This publication contains general information only and is based on the experiences and research of the author. The author is not, by means of this publication, rendering business, legal advice, or other professional advice or services. This publication is not a substitute for such legal advice or services, nor should it be used as a basis for any decision or action that may affect your business. Before making any decision or taking any action that may affect your business, you should consult a qualified legal advisor. The author, his affiliates, and related entities shall not be responsible for any loss sustained by any person or entity that relies on this publication. The Author gives his permission to link, post, distribute, or reference this article for any lawful purpose, provided attribution is made to the author. The author can be reached at

© Thomas R. Fox, 2018

As we celebrate all things Star Wars on the May the Fourth Be With You edition, Jay Rosen and myself take a look at some of the top compliance stories over the past week.

  1. Panasonic settles FCPA enforcement action. Tom spends most of the week on it Background, the Bribery Schemes, a 20% Discountand Lessons Learned. Henry Cutter explores the due diligence and Trace Certification issues in the WSJ Risk and CorruptionJournal as does Kelly Swanson in GIR (sub req’d).
  2. Former VW CEO indicted in emissions-testing scandal. Jack Ewing reports in the NYTand Adrienne Roberts and Christina Rogers report in the WSJ. Dick Cassin reports in the FCPA Blog.
  3. What does the D&B declination mean for self-disclosure? Clara Hudson explores in GIR (sub req’d).
  4. An interesting UK court case considers whether lawyer interviews are privileged when the company agrees to a DPA with the SFO. For an English lawyer perspective, see article in the FCPA Blogby Susan Hawley. For another perspective, see the article by Debevoise & Plimpton lawyers Karolos Seeger, Andrew Lee and Robin Lööf in the NYU Compliance and Enforcement Journal.
  5. Are you using data to power your compliance program? If not you are missing the boat say Ren McEachern and Roy Pollitt in the FCPA Blog.
  6. Two looks at speaking up in a company. Jonathan Marks on how to win back employees trust so they will use a hotline. From an article in Fraud Magazine, he cross-posted on his blog. Henry Cutter interview Public Service Enterprise Group Inc. CCO Antonio Fernández on building a speak up culture in WSJ Risk and Compliance Journal.
  7. Matt Kelly joins us for a special breaking news segment on 5 steps law enforcement officials expect you to engage in if you have a data breach. See Matt’s article in Radical Compliance.
  8. What are the GDPR implications for whistleblowing? Vera Cherepanova explores in the FCPA Blog.
  9. Another week, another declination, this time for Transocean. Kelly Swanson reports in GIR(sub req’d).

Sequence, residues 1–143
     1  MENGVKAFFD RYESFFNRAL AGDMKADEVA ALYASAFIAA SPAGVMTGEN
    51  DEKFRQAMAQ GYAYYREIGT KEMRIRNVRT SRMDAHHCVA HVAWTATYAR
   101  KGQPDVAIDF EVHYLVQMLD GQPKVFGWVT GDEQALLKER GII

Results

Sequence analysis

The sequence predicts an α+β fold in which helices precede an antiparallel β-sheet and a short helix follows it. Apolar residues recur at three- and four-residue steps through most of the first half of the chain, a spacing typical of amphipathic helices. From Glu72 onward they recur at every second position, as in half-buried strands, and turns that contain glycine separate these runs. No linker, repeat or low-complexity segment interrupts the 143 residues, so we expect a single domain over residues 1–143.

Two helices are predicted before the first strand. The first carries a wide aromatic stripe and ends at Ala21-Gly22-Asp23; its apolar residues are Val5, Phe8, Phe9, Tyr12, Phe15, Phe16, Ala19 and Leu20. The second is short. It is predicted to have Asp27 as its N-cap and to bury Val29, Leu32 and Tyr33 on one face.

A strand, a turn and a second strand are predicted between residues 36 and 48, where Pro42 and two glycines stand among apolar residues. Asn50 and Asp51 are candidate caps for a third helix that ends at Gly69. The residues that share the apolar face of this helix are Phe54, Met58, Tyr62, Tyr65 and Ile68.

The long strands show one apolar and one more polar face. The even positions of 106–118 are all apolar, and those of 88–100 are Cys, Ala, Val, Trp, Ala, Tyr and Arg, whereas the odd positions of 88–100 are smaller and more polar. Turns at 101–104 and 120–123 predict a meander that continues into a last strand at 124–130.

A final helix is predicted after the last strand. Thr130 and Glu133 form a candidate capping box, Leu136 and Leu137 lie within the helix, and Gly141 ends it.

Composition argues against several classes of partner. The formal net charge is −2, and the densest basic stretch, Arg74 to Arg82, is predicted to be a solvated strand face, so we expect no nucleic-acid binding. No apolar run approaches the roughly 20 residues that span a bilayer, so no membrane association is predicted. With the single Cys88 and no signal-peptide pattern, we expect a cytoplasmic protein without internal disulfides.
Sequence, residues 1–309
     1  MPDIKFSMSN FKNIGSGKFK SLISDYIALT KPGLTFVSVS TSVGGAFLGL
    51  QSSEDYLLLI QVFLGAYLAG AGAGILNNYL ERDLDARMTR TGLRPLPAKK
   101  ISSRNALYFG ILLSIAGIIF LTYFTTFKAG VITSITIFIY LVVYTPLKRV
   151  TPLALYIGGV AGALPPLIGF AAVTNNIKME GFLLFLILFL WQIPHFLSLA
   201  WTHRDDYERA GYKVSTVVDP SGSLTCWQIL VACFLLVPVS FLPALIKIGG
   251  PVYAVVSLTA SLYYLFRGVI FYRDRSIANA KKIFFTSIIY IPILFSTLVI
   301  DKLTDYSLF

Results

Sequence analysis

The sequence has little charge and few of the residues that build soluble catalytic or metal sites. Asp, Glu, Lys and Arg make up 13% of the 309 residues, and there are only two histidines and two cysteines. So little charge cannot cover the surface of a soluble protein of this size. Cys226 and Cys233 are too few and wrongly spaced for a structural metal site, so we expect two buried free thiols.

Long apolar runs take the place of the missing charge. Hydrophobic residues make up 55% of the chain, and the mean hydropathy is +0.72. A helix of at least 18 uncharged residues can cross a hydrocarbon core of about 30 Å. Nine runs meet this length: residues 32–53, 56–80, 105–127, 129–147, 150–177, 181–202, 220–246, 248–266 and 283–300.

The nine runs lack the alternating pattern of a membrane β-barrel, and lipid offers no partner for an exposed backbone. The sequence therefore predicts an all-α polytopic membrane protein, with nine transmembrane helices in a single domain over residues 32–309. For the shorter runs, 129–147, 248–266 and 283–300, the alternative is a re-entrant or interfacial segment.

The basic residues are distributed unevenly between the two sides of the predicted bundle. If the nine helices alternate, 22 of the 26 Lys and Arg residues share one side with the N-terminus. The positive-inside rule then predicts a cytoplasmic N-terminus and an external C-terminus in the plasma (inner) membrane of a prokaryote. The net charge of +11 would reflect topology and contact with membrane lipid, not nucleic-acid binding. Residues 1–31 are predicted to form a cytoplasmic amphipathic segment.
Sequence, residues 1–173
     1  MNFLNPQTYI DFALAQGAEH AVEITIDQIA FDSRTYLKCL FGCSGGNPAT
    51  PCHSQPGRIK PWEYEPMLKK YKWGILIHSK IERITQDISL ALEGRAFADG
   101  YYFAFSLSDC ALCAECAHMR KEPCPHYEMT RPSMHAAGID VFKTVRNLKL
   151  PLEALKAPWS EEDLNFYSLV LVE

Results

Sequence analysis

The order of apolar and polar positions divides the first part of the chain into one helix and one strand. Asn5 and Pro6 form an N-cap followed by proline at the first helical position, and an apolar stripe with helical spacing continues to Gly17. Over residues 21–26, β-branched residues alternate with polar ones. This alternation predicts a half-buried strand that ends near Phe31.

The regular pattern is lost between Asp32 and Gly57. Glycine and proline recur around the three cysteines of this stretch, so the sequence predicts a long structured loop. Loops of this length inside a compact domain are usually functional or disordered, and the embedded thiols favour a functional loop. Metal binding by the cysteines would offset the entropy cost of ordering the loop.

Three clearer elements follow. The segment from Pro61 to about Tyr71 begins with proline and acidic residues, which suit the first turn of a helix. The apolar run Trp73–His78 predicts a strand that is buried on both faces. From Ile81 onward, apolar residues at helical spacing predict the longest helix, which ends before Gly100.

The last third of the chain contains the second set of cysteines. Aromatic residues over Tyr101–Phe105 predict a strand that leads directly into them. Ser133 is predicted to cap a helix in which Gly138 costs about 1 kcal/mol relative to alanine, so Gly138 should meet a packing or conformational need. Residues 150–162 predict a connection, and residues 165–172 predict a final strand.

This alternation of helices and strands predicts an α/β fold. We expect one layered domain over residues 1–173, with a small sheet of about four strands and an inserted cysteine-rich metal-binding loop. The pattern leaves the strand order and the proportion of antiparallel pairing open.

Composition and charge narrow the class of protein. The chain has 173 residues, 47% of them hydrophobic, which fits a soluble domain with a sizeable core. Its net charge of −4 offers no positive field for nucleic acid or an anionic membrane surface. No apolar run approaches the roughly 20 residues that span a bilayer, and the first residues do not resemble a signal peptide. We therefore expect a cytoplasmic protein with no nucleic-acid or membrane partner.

10. Tom announces publication date of his next book, The Complete Compliance Handbook, which will be available on May 21, 2018 on It is available for PreSale here.
  11. Tom has a busy May planned. Join him at Brazil’s largest compliance conference, the 6th International Compliance Congress, held by LEC – Legal, Ethics and Compliance, May 8 to 10, in São Paulo, Brazil. Registration and information here; Hear him speak to the Houston chapter of ACAMS, from 11:30 -2 PM on Thursday May 17thin Houston on “Driving Compliance and Ethics through Data Analysis”. Information and registration here;and join in a session on Using Frameworks to Prove Compliance Competency at Compliance Week 2018 in Washington DC, May 20-23. Information and registration are here.

For more information on how an independent monitor can help improve your company’s ethics and compliance program, visit our sponsor Affiliated Monitors at

We continue our exploration of the Foreign Corrupt Practices Act (FCPA) enforcement action involving Panasonic Avionics Corporation (PAC) and its parent Panasonic Corporation (Panasonic). Today, I want to explore what actions led to PAC receiving a 20% discount from the minimum range suggested under the US Sentencing Guidelines.

The penalty assessed was approximately $280 million broken down into a $137 million payment by the company’s US unit, PAC, in criminal penalties to the Department of Justice (DOJ). The Japanese parent, Panasonic, agreed to pay disgorgement of $126,900,000 and prejudgment interest of $16,299,018.93, for a total payment of $143,199,018.93 to the Securities and Exchange Commission (SEC). The DOJ resolution documents included a Deferred Prosecution Agreement(DPA) and a Criminal Information(the Information). The SEC issued a Cease and Desist Order(the SEC Order). Both the DOJand SECalso issued Press Releases.

As I have previously noted, this matter involved massive bribery and corruption schemes, for nearly 15 years, with the participation of top management at PAC. Two of these men left the company in 2017. They were Chief Executive Officer (CEO) Paul Margis and Vice President of Finance/Chief Financial Officer (CFO) Paul Bottiaux. The corruption schemes encompassed airlines across the globe and even domestically in the US. In addition to the bribery and corruption, the conduct was also anti-competitive in nature. It certainly appears that such illegal conduct was a part of the overall business strategy and business plan of the US subsidiary. It almost begs the question of why there were no individual prosecutions. From the parent company perspective, while there were no individuals identified, one can only wonder how closely, if at all, they were watching their money-making US subsidiary from the compliance perspective.

However, at some point, the company found religion and decided that violating the law as a business strategy was not the way to move forward. Obviously, PAC was aware of potential FCPA violations as far back as 2009 when PAC’s internal audit department flagged that services providers where (1) hired without following procurement department processes; (2) contracted with no oversight; and (3) paid without delivering anything tangible to PAC. The initial internal audit report stated, “consultant payments should be carefully reviewed in light of FCPA regulation [sic] due to lack of clarity in deliverables” [bold in Information] and was circulated to PAC senior management but this highlighted language was removed from the final audit report.